Skip to main content

Hope College Lands $1.3M from NSF for Bioinformatics

NEW YORK (GenomeWeb News) – Hope College has won a $1.3 million National Science Foundation grant to develop bioinformatics software for use in microbial genomics research programs, the college said on Wednesday.

The Michigan school said it will develop a software package designed to use genomic information to model microbial metabolism. The software ultimately will become part of the Rapid Annotation Using Subsystems Technology (RAST) genome analysis services that is made available to researchers worldwide through the Argonne National Laboratory in Illinois.

The aim is to provide integrated, automated software tools that can be used to analyze genomes, model the way metabolism works, and provide tools for analyzing regulatory data.

"By putting all three pieces together, we're hoping to be able to make predictions about metabolism and regulation in bacteria, and to do so more efficiently than would be possible using disparate tools in different locations with different interfaces," said Matt DeJongh, a Hope associate professor of computer science and a leader of the project.

DeJongh's co-leaders in the project include his Hope colleagues Aaron Best, an assistant professor of biology, and Nathan Tintle, an assistant professor of mathematics. The project leaders received a three-year, $235,000 NSF grant in 2008, and the new $1.3 million grant will support the project for two years.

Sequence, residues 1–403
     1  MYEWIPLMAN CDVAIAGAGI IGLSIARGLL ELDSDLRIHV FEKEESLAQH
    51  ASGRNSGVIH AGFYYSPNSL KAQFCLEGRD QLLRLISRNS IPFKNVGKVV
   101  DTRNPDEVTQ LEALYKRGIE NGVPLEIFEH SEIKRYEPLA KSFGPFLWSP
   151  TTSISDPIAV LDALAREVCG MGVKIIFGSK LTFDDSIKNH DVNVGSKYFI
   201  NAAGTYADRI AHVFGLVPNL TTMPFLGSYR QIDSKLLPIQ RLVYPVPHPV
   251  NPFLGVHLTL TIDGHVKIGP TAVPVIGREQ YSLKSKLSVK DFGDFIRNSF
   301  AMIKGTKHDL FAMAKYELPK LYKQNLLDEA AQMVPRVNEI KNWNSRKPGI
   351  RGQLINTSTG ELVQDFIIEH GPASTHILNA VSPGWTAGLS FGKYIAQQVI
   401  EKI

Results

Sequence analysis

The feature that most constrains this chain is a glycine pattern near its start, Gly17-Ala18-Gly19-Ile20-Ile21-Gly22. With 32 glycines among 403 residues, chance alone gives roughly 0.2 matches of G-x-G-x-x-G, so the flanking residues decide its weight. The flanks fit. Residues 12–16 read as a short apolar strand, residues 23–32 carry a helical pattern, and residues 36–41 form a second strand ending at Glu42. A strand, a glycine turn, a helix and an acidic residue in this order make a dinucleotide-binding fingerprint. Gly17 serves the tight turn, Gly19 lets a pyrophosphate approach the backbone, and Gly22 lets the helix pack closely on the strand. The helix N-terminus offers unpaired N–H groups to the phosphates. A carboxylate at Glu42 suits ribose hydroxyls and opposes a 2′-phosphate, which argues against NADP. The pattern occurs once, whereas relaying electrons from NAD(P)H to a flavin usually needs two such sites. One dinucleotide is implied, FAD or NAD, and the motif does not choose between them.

The computational modeling project also has received funding from the Margaret D. Towsley Foundation and from a 2004 grant from the Howard Hughes Medical Institute.

The latest round of funding also will enable the researchers to partner with the Fellowship for Interpretation of Genomes (FIG) and the Burnham Institute for Medical Research.

The Scan

Call to Look Again

More than a dozen researchers penned a letter in Science saying a previous investigation into the origin of SARS-CoV-2 did not give theories equal consideration.

Not Always Trusted

In a new poll, slightly more than half of US adults have a great deal or quite a lot of trust in the Centers for Disease Control and Prevention, the Hill reports.

Identified Decades Later

A genetic genealogy approach has identified "Christy Crystal Creek," the New York Times reports.

Science Papers Report on Splicing Enhancer, Point of Care Test for Sexual Transmitted Disease

In Science this week: a novel RNA structural element that acts as a splicing enhancer, and more.